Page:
Jillian McDonald: Valley of the Deer

June 15 - September 6, 2013

Incorporating video, performance, and drawing, Jillian McDonald’s work examines popular film genres such as romance and horror in relation to their effect on audiences. Currently focusing on the archetypes and themes found in American horror films, McDonald avoids the use of extreme violence in favour of simplified narratives, sublime nature, and familiar characters.

Valley of the Deer is a three-channel high-definition video installation shot on location in the Scottish highlands. The work features forty residents of Northern Scotland, the majority of whom are craftspeople and other employees at the Glenfiddich Distillery in Dufftown, Banffshire. The work was created in residence at the Glenfiddich International Artist Residency, where the artist lived for six months, and was made in response to the landscape, traditional highland dress and music, oral folklore, and pagan legends – both real and imagined. The haunting romanticism of the landscape figures prominently as the camera creeps through mossy glens, barley fields, heathered mountains, fairy knolls, and abandoned stone houses and uncovers fog, rainbows, water sources, majestic views, woodland creatures, animated avatars, and ghostly figures. Masked characters such as these appear frequently in horror films; they are at once anonymous and secret, uncanny and hybrid, wraithlike and terrifying, yet disarmingly naïve.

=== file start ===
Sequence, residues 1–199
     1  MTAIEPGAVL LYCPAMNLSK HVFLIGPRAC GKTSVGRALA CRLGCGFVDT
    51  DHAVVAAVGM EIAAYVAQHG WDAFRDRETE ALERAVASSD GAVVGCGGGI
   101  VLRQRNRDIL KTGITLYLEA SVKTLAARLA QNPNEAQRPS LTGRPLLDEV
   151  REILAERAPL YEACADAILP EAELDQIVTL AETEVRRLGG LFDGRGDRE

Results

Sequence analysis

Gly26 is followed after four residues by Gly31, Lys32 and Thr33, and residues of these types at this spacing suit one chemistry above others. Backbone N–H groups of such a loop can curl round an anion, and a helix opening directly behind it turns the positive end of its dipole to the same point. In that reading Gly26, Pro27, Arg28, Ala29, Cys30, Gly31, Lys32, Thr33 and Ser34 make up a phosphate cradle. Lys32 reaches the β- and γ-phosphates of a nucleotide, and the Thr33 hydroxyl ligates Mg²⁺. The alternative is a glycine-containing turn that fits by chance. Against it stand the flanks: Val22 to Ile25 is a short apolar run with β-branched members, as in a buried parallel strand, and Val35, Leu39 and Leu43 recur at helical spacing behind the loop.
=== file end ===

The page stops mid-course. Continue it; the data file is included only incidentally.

The soundscape, created in collaboration with Knocker (aka Dave Roberts), captures the textural and aural properties attending the distillery and environs: a gurgling spring, a waterfall, wind, bird calls, footsteps on dry floors, Scottish pipe music, a hand brushing against a canvas apron or a brimful barrel, a dripping tap, clinking copper, gas and liquids escaping. Valley of the Deer presents a shift in logic: a known landscape turned surreal, a cast of characters gorgeously poised for a gripping finale.

The artist gratefully acknowledges the support of the Glenfiddich International Artist Residency Programme in Scotland and Pace University in New York.

Discover More